Redford Center Stories Program & Curriculum
Redford Center Stories
A free environmental justice education program and curriculum for youth that celebrates transformational storytelling, creative education, community wellbeing, and global justice.
The Redford Center Stories program is a go-to resource for educators, after-school program leaders, youth development organizations, and homeschooling parents interested in leveraging the power of storytelling and film to support young people in learning about the environment. Redford Center Stories features a free, flexible, film-based curriculum, a series of virtual workshops and events, and an inclusive learning community designed to actively engage our youth in the environmental justice movement.
This year’s program launched on Half-Earth Day and will culminate on Earth Day, April 22, 2022, with the announcement of the winners of the Redford Center Stories Challenge—the program’s annual filmmaking challenge that invites students in grades 5-12 to create and submit a short film that tells a story that is personal to them and helps propel action towards a more just environmental future.
New this year: Program expands to include High School students
About Redford Center Stories
Now entering its third year, after a two-year pilot, Redford Center Stories brings educators and students into dialogue with youth activists, filmmakers, and environmental and social justice leaders, nurturing the next generation of environmental advocates and storytellers. Last year, 400 student films were submitted from youth in 32 states and 13 countries. Based in creative youth development principles, Redford Center Stories invites educators, organizations, families, and students to participate in:
Annual youth filmmaking challenge, providing an expansive take on environmental justice and how it shows up in young people’s lives.
Comprehensive, free curriculum that includes suggested standards and utilizes the rich collection of environmental films and media created by The Redford Center and its global network of filmmakers and storytellers.
Public event series – Meet the Moment – that combines professional development for all educators with learning opportunities for classrooms that engage students as experts and media-makers.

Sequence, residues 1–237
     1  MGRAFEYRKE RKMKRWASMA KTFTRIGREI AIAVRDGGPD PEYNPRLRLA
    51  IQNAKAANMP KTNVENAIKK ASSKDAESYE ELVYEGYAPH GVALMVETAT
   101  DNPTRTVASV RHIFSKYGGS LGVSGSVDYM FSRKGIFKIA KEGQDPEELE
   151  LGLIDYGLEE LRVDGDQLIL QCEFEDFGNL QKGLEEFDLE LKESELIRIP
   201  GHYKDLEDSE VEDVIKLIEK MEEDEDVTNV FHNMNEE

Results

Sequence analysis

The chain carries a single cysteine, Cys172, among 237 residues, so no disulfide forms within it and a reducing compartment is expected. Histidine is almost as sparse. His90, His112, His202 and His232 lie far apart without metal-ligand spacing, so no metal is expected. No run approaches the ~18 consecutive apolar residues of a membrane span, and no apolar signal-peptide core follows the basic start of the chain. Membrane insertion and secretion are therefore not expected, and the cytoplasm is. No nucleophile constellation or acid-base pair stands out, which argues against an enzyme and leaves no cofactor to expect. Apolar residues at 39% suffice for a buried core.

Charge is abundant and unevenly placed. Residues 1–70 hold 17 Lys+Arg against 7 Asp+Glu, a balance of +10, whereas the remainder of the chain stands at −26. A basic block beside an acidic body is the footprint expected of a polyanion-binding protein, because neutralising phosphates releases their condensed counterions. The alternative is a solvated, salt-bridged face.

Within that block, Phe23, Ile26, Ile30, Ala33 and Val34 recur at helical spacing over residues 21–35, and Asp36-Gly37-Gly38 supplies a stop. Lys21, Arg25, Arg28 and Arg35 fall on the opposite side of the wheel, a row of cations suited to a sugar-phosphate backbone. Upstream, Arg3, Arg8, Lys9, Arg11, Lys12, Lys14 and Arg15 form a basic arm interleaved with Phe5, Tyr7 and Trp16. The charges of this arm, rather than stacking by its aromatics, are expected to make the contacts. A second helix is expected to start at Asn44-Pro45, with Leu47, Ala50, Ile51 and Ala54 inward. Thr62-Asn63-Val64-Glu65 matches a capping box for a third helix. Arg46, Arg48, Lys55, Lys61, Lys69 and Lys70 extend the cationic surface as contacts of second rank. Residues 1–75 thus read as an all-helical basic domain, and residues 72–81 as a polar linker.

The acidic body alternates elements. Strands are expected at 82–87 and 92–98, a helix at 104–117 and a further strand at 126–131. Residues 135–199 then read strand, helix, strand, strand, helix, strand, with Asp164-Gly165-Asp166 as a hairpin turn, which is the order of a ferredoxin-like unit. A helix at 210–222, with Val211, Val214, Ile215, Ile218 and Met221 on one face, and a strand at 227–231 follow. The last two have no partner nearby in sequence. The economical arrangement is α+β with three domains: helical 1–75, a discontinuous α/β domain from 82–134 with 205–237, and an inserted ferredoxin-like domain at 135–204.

Mentoring pathways that put students in direct relationships with filmmakers, environmental activists, creative youth development experts, and each other.
Educator, Family & Organization Registration
Educators, families, and organizations interested in participating in Redford Center Stories can learn more and sign up here. Participants will receive a welcome email, details on how to access the curriculum, instructions for this year’s Student Filmmaking Challenge, and regular updates throughout this year’s program.
2021-22 Redford Center Stories Challenge
The Redford Center invites students in grades 5-12 to tell their story, raise their voice, and help reimagine environmentalism for all. Students are invited to submit a 90-second film responding to this year’s Stories Challenge prompts:
The future I envision is…
I’m an environmentalist because…
A call to action.
All final films are due in early March and will be followed by a winners’ announcement on Earth Day, April 22, 2022. See the full list of Stories Challenge prompts here.
2021-22 Meet the Moment Series
All Redford Center Stories participants, and the public, are invited to the Meet the Moment series—a free and inclusive virtual community dialogue series featuring filmmakers, educators, youth activists, and organizations discussing energizing and impactful solutions for environmental justice.
You can watch our most recent installment of Meet the Moment on YouTube.
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ABOUT THE REDFORD CENTER:
Co-founded in 2005 by Robert Redford and his son James Redford, The Redford Center uses the power of storytelling to galvanize environmental justice and regeneration. Its cross-cutting programs support environmental storytellers and invest in impact-driven narrative strategies. By amplifying and changing the conversations around environmentalism, The Redford Center aims to engage a much broader and more diverse population in the movement. It has produced three award-winning feature documentaries and 30+ short films, supported 75+ film and media projects with grants and other services, inspired 400+ student films, and dispersed more than $8 million to fiscally sponsored projects. Redford Center film impact campaigns have halted the construction of dirty coal plants, reconnected the Colorado River to the Sea of Cortez, and helped accelerate the clean energy revolution in America. For more information, visit redfordcenter.org.
Arathi Govind, Program Officer